This week, Judge Ellen Segal Huvelle – the one who is hearing the DoJ’s suit to stop the AT&T / T-Mobile merger – made a preliminary ruling which would allow AT&T competitors, Sprint and Cellular South (C Spire), to join the DoJ case. Though the action enabling them to jump on is reportedly unprecedented, Sprint and C Spire succeeded on only a small portion of their complaints. To this end, Huvelle ruled that they may participate to the extent they can show “injury” as it relates to their access to the latest wireless devices; and for C Spire only, how the merger would affect its ability to purchase GSM roaming services going forward.
Not surprisingly, both Sprint and C Spire were high-fiving themselves after the Order. To be sure, in a tactical sense their inclusion makes the DoJ suit more costly to combat for AT&T. Public Knowledge’s Harold Feld bluntly lays out this ugly aspect of the game, noting:
…[I]t directly raises the cost of settlement by keeping in two private parties who now must also be paid off to go away.
Wow. Gotta’ love that government-enabled extortion racket, eh?
Without going into more, if the suit proceeds to trial, I think Sprint and C Spire’s claims will fail. Thus the “win,” if in fact it is one, is small potatoes at best.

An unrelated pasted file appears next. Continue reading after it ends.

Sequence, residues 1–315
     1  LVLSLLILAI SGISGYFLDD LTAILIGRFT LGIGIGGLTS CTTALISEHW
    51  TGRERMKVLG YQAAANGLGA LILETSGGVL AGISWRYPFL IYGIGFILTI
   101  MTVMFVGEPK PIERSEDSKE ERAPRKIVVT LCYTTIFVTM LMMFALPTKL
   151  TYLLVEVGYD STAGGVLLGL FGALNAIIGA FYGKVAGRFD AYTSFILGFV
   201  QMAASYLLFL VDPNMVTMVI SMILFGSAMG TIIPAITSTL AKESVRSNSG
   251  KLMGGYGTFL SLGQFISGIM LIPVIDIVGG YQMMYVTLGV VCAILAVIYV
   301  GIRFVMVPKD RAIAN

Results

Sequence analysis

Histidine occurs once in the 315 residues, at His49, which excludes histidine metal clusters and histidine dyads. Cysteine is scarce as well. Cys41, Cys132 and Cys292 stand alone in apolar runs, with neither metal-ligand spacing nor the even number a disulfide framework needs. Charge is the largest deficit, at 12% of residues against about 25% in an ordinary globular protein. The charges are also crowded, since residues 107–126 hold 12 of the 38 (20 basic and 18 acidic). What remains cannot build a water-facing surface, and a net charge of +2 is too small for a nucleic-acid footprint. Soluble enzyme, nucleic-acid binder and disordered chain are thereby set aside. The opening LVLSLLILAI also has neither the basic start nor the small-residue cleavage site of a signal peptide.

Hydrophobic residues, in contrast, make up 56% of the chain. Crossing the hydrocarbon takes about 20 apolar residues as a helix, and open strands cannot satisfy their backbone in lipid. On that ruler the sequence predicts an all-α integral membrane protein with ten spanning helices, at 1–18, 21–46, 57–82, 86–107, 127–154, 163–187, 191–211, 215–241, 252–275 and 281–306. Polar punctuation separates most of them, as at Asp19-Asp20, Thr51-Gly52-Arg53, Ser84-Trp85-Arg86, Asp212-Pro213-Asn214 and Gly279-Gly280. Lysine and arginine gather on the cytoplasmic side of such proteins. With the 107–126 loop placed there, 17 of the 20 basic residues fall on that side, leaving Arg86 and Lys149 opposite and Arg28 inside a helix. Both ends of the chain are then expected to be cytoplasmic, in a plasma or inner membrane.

For me, one of the more interesting pieces in the Order was the Judge’s rejection of Sprint and C Spire’s wireless market “injury” argument. In this regard, they averred that they would be injured if – and this is a big “if” – prices lifted as a consequence of the merger. I think the Judge got a chuckle out of this, stating:
…Whether the result of an increase in market concentration by itself, or “the oligopolistic price coordination” that “excessive concentration . . . portends,” an increase in market prices alone does not harm competitors. To the contrary, “You want your competitors to charge high prices.” The possibility that a post-merger AT&T could raise market prices does not, without more, threaten injury-in-fact to Sprint and Cellular South. It therefore does not confer antitrust standing on them. (Citations omitted by author)
To me, it confirms the charade that Sprint in particular has been playing in this legal confidence game. They want prices to rise, contrary to their “we’re all for the consumer” public facing. It would mean they can charge more; that they could begin to hope to pay off that huge mountain debt they’re piling up by buying billions of dollars of iPhones for sale to its customers.
For Sprint, stopping AT&T’s merger has always been about avoiding “increased competition.” Sadly (for Sprint), what will likely occur after the merger gets approved is just the opposite – competition will in fact become even more intense as a result. And this will put immense pressure on an already fragile Sprint to eek out profit.
They should be so lucky to see prices increase (er, sorry, Mr. Consumer). That’s the least of their worries.
What a racket.